Sunday, June 20, 2010

Associated Press S-t-r-e-t-c-h-e-s the Meaning of Orphan to New Lengths

"Some Haitian children orphaned twice: Haitian government has frozen most international adoptions"
focuses with great sympathy on a volunteer who became attached to a child in a Haitian hospital and decided she wantd to take him home to Canada.

While the facts of the Haitian adoption ban are reported as well as the reasons for it, they seem be quite mean interspersed as they are within a human interest story focusing on a 37-year-old woman whose mother flies to Haiti to meet her "grandson" before the woman ever applied to adopt any child or discovered whether the child she decided she wanted was an orphan or had family.

When has AP become so editorialized in "reporting" the news?  How can a child be labelled an  "orphan" before knowing anything about his parents or extended family, let alone consider him "twice orphaned" when no adoption was ever begun!

Even a volunteer working in a pound could not simply decide to keep a cute kitten or puppy without first being sure it did not have a an owner looking for him!

The Chicago Press carried the story without crediting AP. At that site you can comment.  Or you'll likely  find it in other newspapers.

UPDATE 6/21/10: Did I mention that puppy adoptions are more carefully screened? Here's the proof:
BILLINGS - A state judge has thrown out a lawsuit filed by two women who said they were snubbed by a rescue group when they sought to adopt dogs seized in an animal cruelty case.
District Judge Gregory Todd granted a motion for summary judgment Thursday in thelawsuit filed by Penny Ronning and Kelly Dennehy against Yellowstone County and National English Shepherd Rescue.

Ronning and Dennehy had volunteered to help care for 200 English shepherd dogs that were seized from Linda Kapsa of Ballantine in late 2008.

The lawsuit argued that when Kapsa entered a no-contest plea, it was with the understanding that volunteers would be given preference when the dogs were adopted out.

The NESR denied Ronning's application to adopt four dogs. The group said one was overly dominant and another overly submissive and that Ronning had no experience handling dogs with those behavioral problems.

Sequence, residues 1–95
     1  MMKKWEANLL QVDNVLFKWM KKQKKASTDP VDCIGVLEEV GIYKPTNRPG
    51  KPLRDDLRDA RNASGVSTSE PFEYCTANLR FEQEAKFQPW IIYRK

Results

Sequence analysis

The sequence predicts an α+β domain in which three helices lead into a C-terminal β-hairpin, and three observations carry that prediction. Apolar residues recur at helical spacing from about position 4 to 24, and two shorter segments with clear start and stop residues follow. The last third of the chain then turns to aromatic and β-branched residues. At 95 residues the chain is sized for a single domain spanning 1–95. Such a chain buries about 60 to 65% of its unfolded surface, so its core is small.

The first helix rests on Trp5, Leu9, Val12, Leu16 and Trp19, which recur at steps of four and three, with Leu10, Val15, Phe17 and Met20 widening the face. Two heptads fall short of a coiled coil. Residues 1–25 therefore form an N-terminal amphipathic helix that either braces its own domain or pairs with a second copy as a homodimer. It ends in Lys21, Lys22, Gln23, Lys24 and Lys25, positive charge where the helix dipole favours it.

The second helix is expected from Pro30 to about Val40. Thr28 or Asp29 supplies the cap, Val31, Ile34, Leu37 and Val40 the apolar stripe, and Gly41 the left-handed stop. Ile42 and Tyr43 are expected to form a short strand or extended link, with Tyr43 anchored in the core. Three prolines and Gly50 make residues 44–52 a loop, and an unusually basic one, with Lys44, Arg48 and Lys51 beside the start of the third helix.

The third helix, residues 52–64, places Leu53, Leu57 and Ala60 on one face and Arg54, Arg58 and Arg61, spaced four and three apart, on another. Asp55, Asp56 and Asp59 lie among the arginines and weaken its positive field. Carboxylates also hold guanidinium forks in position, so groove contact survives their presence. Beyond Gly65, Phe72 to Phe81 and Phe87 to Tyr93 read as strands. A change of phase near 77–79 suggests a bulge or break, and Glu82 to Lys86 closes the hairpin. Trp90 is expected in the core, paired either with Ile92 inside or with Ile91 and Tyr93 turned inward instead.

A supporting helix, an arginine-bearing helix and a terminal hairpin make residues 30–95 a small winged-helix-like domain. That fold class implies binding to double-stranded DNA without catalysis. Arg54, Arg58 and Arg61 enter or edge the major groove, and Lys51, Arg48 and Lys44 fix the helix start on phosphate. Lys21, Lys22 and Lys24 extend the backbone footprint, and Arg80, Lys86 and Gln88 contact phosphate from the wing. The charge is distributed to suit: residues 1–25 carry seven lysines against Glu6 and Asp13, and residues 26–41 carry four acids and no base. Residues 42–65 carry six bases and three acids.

Imagine that! You need special experience to adopt a special needs dogs - but any fool, like Torry Hanson - can get a special needs kid!

The group offered Ronning another dog, but she turned it down.

After the overly dominant dog was adopted, Dennehy applied to adopt that dog and was denied. Todd's order said that if Dennehy had applied before the dog was adopted, the NESR would have given her preferential consideration, but most likely would not have allowed her to take it because of her lack of experience with overly dominant dogs.

Dennehy also turned down the offer of another dog.

Ronning, Dennehy and several other volunteers still have a lawsuit pending against the county, the NESR and several county employees and other volunteers accusing them of intimidation, slander, libel, infliction of emotional distress, deceit and negligent hiring and training of employees.


Von said...

Agree!So many assumptions, as always unhelpful to adoptees or those seen as potential adoptees.

Mirah Riben said...


I think "potential adoptee" is a bad term as is "potential birthmother."

RussiaToday Apr 29, 2010 on Russian Adoption Freeze

Russi Today: America television Interview 4/16/10 Regarding the Return of Artyem, 7, to Russia alone

RT: Russia-America TV Interview 3/10

Korean Birthmothers Protest to End Adoption

Motherhood, Adoption, Surrender, & Loss

Who Am I?

Bitter Winds

Adoption and Truth Video

Adoption Truth

Birthparents Never Forget